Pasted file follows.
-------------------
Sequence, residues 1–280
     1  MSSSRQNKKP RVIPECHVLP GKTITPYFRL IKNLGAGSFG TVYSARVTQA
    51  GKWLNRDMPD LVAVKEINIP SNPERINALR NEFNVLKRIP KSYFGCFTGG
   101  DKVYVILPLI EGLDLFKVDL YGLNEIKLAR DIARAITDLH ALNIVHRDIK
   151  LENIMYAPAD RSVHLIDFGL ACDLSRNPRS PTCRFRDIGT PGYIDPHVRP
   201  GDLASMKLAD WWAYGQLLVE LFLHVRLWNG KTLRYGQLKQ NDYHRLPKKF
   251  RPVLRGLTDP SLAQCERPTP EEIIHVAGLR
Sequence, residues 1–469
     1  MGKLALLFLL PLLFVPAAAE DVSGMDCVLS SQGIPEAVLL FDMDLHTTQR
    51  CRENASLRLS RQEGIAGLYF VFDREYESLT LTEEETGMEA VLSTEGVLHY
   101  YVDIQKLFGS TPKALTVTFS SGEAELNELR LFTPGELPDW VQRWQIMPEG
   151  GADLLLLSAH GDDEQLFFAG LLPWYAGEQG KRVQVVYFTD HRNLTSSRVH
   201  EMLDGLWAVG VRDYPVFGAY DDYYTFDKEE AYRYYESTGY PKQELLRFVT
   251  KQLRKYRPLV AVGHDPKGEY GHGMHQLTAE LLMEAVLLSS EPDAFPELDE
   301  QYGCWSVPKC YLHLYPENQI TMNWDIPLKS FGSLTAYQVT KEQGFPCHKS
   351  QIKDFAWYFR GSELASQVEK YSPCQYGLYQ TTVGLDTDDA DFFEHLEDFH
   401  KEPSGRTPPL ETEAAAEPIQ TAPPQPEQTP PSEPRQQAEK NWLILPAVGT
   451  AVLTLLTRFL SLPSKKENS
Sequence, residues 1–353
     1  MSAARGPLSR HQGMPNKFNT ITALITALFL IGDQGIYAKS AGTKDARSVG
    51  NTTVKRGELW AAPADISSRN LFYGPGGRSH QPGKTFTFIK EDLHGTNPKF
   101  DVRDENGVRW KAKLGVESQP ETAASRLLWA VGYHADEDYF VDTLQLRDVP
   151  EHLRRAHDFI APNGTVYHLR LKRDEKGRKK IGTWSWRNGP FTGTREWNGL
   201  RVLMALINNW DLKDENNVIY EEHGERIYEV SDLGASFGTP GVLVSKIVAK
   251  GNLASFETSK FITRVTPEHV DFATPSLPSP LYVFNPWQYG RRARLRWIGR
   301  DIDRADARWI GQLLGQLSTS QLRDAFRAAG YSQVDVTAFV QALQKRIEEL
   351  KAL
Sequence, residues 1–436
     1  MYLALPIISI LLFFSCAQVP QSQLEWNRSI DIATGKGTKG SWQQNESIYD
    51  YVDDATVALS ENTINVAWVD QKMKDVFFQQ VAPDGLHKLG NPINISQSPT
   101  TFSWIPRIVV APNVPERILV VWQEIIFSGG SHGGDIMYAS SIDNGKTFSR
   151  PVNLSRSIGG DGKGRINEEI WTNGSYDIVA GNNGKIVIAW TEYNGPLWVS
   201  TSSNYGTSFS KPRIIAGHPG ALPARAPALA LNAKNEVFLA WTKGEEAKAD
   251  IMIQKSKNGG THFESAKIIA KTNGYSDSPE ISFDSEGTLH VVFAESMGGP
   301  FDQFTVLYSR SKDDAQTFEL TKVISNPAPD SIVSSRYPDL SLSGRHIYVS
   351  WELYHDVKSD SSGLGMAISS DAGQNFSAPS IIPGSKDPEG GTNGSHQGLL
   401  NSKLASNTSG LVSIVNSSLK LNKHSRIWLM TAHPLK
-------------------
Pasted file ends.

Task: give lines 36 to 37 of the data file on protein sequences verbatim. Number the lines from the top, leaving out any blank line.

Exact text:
   351  WELYHDVKSD SSGLGMAISS DAGQNFSAPS IIPGSKDPEG GTNGSHQGLL
   401  NSKLASNTSG LVSIVNSSLK LNKHSRIWLM TAHPLK